Project Squirtle – Also tried out Project Squirtle. The game ended up being pretty close with the positioning of the characters being pretty crucial to the end game. Kim brought up the lack of diagonal movement/targeting as being pretty constricting, especially for the ranged characters and that’s something I had decided on pretty arbitrarily so it shouldn’t be difficult to fix up. However, the main issue I have with the game has to do with the core deckbuilding mechanic so I’m planning to do a complete overhaul anyways once I’ve worked out the 2-4 player game for Giant Snail.
Cthulhu Realms – Pretty much Star Realms with Cthulhu. The rules for 3-4 players games seems to be different from Star Realms, though I have only played them 2-player so I can’t really remember or compare that aspect. I did like some of the new abilities introduced such as the Nexus buildings that protected other buildings and gaining cards that were just trashed. However, I felt a lack of personality in the “factions” represented in the game, which weren’t even explicitly named. I think Star Realms builds out that identity better, and although Cthulhu Realms probably has the same sort of identity with the factions it didn’t come through. I think names or slightly different treatment of the frame elements to tie the factions together would have helped immensely in that area. It goes to show that simple little details can colour your experience. Other than that it’s still the same great Star Realms engine, so if you haven’t tried Star Realms or just prefer the Lovecraftian theme, this one’s worth checking out.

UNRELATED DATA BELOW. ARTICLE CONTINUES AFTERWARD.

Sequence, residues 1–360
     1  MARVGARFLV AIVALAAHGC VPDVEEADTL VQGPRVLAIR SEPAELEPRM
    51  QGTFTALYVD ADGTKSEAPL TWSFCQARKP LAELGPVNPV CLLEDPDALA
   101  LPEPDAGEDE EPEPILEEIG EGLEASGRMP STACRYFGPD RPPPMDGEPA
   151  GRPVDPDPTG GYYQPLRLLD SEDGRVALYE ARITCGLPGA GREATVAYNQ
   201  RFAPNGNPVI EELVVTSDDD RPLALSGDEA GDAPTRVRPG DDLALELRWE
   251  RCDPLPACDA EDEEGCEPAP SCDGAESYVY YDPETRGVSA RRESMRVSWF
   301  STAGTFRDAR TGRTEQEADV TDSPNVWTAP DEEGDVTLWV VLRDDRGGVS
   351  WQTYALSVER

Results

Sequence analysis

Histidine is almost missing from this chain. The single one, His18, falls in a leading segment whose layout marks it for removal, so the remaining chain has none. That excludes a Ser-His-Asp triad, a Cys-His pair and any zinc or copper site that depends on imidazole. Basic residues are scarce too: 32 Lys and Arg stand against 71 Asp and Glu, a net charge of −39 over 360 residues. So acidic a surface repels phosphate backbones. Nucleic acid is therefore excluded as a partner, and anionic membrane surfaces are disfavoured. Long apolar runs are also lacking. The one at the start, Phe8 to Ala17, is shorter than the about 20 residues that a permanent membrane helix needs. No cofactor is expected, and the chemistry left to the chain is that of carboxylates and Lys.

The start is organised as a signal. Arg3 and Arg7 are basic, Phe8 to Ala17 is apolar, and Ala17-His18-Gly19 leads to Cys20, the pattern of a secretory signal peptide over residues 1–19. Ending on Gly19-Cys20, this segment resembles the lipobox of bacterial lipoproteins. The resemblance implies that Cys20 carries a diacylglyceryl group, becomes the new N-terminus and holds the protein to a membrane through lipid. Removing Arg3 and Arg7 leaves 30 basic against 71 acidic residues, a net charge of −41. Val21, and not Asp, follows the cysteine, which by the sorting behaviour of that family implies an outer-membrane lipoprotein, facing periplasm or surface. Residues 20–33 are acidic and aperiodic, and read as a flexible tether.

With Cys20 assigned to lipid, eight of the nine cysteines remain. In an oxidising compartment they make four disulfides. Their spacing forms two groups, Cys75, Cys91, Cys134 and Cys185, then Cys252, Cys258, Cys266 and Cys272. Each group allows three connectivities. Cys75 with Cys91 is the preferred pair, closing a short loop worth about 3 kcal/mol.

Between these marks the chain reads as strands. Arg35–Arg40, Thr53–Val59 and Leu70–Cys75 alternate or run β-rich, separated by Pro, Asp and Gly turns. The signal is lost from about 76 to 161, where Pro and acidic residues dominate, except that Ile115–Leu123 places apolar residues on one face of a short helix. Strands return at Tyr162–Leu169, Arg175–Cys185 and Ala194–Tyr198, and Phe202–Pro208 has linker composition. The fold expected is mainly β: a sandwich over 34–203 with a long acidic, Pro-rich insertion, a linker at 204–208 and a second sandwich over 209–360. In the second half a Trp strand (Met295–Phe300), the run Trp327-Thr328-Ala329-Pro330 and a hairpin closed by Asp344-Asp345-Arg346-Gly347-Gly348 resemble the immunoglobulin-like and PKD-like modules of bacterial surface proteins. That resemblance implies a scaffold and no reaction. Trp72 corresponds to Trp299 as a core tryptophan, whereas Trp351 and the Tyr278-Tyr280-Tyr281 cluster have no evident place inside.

30 September 2015 – Gaming at Home
Power & Prestige – In the 2 weeks since I tried out the incarnation at Incubator, Sye’s made significant improvements to the game. There’s now a nice sense of continuity between rounds and you have more decisions to make about the cards you want to try and collect. I’m quite impressed with how all the changes have come together to elevate the game and fix many of the issues in the previous version, the main benefit being not having to reconstruct the deck for different player counts. Since it was only 2 of us, we tried out a few different variants for the 2-player game and I think we managed to hit on one that works well without changing too many things in the base rules. Hopefully it’ll stand up to more rigorous testing, though I’m pretty confident that Sye will work it out. I’m constantly impressed by his work ethic with his prototypes.
And that’s it for September! I managed to meet some new people and visited some really nice groups in Sydney, played Magic with an old friend, and played a lot of dexterity games and Codenames. How about you? What games have you played in the past month that you really enjoyed?